Effectiveness acknowledged by NICE (in the
UK) and FDA (in the USA).
Low rate of complications.
Within current guidelines, bariatric surgery is
considered 1st, line treatment in adults with
a BMI above 50kg/m2.
It is considered for patients with:
BMI above 40kg/m2
BMI above 35kg/m2 + obesity co-morbidity
-adjustable silicone band is
placed around the upper
part of the stomach to
create a small upper-
stomach pouch .
- limits hunger
- promote early feeling of
-Can be performed by
Common complications :
the port site becoming
• Restrictive procedure
• staples are used to
create a smaller
• Stomal narrowing with
• Staple line leak
• Band erosion
• Wound infection or
A small stomach pouch is
isolated from the rest of
the stomach with staples
and empties directly into
the lower portion of the
Delaying mixing of food
with bile and pancreatic
juices. The result is an
early sense of satiety .
Can be performed by
Anastomotic leak with
creates a roux limb ( or straight limb)
connected to the gastric pouch and the
“Y” portion is down- stream as the
which reduce nutrient
absorption by bypassing a
large portion of the small
- protein malnutrition
The aims of Bariatric surgery in morbidly
obese are to:
Normalise metabolic & psych-social
Improve the outcome of pregnancy
Improve the weight & metabolic
development of offspring.
Sjöström L, Lindroos AK, Peltonen M et al. N Engl J Med. 2004;351:26
Diabetes Completely resolved 76.8 %
Hyper-lipidaemia improved 70 %
Hypertension resolved 61 %
Sleep apnoea Resolved 86 %
Psychiatric morbidity improved 88 %
Buchwald H, Avidor Y, Braunwald E, Jensen MD, Pories W, Fahrbach K, et al. Bariatric
surgery:a systematic review and meta-analysis. J Am Med Assoc 2004;292:1724–37.
Improved pregnancy rates
Improved PCO markers affecting fertility.
Possible decreased miscarriage rates
Reduced pregnancy related co-
hypertension, average weight gain )
Improved fetal complication(congenital
The effect of weight loss through bariatric
surgery on fertility and childbirth outcomes
has not yet been fully elucidated.
Case series suggest improvement in the
ability to conceive after bariatric surgery .
-Dixon JB, Dixon ME, O’Brien PE. Pregnancy after Lap-Band surgery:management of the band to achieve healthy weight
outcomes. Obes Surg 2001;11:59–65.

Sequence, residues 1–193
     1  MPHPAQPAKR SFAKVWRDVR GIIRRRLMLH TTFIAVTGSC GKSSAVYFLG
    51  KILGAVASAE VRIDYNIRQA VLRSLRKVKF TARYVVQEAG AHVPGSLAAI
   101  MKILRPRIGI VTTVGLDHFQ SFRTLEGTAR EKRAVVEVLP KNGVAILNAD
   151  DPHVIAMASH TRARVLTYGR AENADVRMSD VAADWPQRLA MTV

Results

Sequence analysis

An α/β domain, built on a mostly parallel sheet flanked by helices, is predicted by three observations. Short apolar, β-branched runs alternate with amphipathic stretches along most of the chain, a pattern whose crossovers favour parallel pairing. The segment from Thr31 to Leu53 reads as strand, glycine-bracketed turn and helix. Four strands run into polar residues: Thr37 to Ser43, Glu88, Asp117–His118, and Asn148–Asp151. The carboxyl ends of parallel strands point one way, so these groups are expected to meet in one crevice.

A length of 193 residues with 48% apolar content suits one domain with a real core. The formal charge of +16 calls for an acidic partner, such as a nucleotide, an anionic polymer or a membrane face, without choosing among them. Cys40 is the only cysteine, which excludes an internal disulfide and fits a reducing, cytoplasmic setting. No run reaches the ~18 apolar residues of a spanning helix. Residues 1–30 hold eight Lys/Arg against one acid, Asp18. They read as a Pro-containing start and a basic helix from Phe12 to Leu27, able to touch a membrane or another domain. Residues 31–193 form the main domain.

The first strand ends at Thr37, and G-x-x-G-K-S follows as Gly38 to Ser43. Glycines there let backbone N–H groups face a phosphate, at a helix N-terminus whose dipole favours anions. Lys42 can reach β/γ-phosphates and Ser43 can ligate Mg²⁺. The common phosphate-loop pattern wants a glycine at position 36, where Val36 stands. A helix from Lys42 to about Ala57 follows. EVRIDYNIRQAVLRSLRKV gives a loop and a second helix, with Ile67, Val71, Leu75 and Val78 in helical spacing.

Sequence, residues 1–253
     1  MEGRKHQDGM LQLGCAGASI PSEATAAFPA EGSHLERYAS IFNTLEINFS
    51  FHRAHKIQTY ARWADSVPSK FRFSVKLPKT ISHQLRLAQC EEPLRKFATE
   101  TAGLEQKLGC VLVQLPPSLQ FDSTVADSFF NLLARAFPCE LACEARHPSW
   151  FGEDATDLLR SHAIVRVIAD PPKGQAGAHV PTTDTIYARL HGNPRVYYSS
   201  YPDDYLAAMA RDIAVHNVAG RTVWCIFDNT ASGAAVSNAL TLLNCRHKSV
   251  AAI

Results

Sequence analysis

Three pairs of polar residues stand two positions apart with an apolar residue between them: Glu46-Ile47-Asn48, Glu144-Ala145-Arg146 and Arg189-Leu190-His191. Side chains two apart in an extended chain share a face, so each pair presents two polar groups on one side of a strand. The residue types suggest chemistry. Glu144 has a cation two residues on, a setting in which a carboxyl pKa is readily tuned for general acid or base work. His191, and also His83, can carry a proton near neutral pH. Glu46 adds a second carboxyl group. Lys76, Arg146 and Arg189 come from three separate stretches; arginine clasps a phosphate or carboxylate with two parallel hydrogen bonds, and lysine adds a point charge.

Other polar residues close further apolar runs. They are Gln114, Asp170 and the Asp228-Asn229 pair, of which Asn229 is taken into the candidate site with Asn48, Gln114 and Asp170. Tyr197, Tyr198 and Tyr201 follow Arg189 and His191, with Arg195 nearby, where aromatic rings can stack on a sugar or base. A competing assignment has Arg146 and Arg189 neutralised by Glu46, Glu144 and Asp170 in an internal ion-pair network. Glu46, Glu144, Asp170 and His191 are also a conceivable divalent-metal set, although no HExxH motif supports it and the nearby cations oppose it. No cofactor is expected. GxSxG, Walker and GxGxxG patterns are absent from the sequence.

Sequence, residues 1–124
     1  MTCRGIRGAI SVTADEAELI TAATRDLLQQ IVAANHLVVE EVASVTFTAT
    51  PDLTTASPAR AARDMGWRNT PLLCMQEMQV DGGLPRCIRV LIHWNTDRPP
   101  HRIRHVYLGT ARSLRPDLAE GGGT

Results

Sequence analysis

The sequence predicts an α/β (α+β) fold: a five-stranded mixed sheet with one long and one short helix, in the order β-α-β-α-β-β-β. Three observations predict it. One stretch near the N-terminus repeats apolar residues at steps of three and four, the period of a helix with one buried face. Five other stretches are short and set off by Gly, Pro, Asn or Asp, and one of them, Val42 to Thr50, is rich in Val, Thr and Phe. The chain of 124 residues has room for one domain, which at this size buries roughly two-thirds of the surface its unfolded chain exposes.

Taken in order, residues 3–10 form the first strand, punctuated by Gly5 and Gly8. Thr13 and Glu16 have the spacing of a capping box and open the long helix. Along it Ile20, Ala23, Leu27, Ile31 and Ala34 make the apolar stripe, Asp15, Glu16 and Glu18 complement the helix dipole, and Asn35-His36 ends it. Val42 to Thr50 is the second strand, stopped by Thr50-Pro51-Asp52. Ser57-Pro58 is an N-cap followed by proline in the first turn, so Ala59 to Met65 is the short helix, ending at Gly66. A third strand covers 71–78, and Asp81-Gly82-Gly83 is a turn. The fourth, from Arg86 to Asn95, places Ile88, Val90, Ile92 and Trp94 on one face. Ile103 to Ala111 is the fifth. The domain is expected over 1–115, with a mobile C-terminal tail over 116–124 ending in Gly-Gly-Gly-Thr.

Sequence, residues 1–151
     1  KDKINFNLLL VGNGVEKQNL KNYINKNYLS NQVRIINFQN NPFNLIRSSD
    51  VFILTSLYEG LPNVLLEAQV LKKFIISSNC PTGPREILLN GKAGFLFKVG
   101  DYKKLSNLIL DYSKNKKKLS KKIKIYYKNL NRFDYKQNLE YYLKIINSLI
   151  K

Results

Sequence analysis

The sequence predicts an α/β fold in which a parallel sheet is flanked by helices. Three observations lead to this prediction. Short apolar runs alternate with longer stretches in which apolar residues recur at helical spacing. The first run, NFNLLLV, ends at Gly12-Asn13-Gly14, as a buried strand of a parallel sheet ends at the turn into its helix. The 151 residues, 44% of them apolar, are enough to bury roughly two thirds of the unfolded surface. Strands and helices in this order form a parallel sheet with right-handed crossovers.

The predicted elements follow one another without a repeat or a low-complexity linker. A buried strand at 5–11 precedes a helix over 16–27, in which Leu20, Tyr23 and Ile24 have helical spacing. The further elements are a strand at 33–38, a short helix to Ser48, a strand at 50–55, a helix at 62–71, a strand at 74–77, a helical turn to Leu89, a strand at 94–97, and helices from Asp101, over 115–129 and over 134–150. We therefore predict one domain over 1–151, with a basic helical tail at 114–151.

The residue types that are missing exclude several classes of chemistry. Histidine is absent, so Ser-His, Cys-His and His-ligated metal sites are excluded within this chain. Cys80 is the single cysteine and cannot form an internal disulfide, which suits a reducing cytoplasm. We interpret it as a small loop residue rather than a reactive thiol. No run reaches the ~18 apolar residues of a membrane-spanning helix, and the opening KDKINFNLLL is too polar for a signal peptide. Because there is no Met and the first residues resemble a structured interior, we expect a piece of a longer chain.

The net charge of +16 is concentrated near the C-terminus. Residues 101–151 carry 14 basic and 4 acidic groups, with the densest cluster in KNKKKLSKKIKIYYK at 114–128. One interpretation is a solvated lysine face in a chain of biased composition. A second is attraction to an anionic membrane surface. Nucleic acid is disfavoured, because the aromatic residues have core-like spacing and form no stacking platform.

-Marceau P, Kaufman D, Biron S, Hould FS, Lebel S, Marceau S, et al. Outcome of pregnancies after biliopancreatic
diversion. Obes Surg 2004;14:318–24.
-Martin LF, Finigan KM, Nolan TE. Pregnancy after adjustable gastric banding. Obstet Gynecol 2000;95:927–30.
but studies which document improvements in
fertility after bariatric surgery are hampered
by a lack of power to determine statistical
-Bilenka B, Ben-Shlomo I, Cozacov C, Gold CH, Zohar S. Fertility, miscarriage and pregnancy after vertical banded
gastroplasty operation for morbid obesity. Acta Obstet Gynecol Scand 1995;74;42–4.
-Deitel M, Stone E, Kassam HA, Wilk EJ, Sutherland DJ. Gynecologic–obstetric changes after loss of massive excess weight
following bariatric surgery. J Am Coll Nutr 1988;7:147–53.
Bariatric surgery improves the markers of
PCO which influence fertility, such as
Sexual activity .
However, bariatric surgery should not be
considered a treatment for infertility .
Teitelman M, Grotegut CA, Williams NN, Lewis JD. The impact of bariatric surgery on menstrual
patterns. Obes Surg 2006;16:1457–63.
The effect of bariatric surgery on miscarriage
rates is difficult to evaluate because of small
numbers in studies .
Two retrospective studies record changes
,One found no difference in miscarriage rates
pre- and postoperatively (21.6% compared
with 26% )1 and another recorded a reduction
(17% compared with 11%),2 .
1-Marceau P, Kaufman D, Biron S, Hould FS, Lebel S, Marceau S, et al. Outcome of pregnancies after biliopancreatic diversion.
Obes Surg 2004;14:318–24.
2- Friedman D, Cuneo S, Valenzano M, Marinari GM, Adami GF, Gianetta E, et al. Pregnancies in an 18-year follow–up after
biliopancreatic diversion. Obes Surg 1995;5:308–313.
10% 10% 38%
6.3% 5.5% 19%
Dixon JB, Dixon ME, O’Brien PE. Birth outcomes in obese women after lagb
A prospective cohort study Obstet Gynecol 2005;106:965–72.
Compared with the general population:
The No. of congenital anomalies, not
The No. of perinatal death, not increased.
A trend towards lower mean birth weight:
More SGA infants.
Decreased macrosomia .
Timing of pregnancy
Recommendation is to wait 12-24 months
after bariatric surgery before conceiving so
1) The fetus is not exposed to a rapid
maternal weight loss environment .
2) The patient can achieve full weight loss
3) Any operative complications should have
Increased risk of oral contraception failure
with mal-absorption .
Non-oral rout should be considered .
The most common nutritional deficiencies
are of protein, iron, vitamin B12,folate,
vitamin D. and calcium.
Evaluate for micronutrient deficiencies at
the beginning of pregnancy .
If there is a proven deficit, then treat &
In the absence of a deficiency, monitor the
blood count, iron, ferritin, calcium, and
vitamin D levels every trimester .
It is not known if women require higher dose
of folic acid ( greater than 0.4mg/d)
The daily recommendation for protein intake
of 60g is the same regardless of bariatric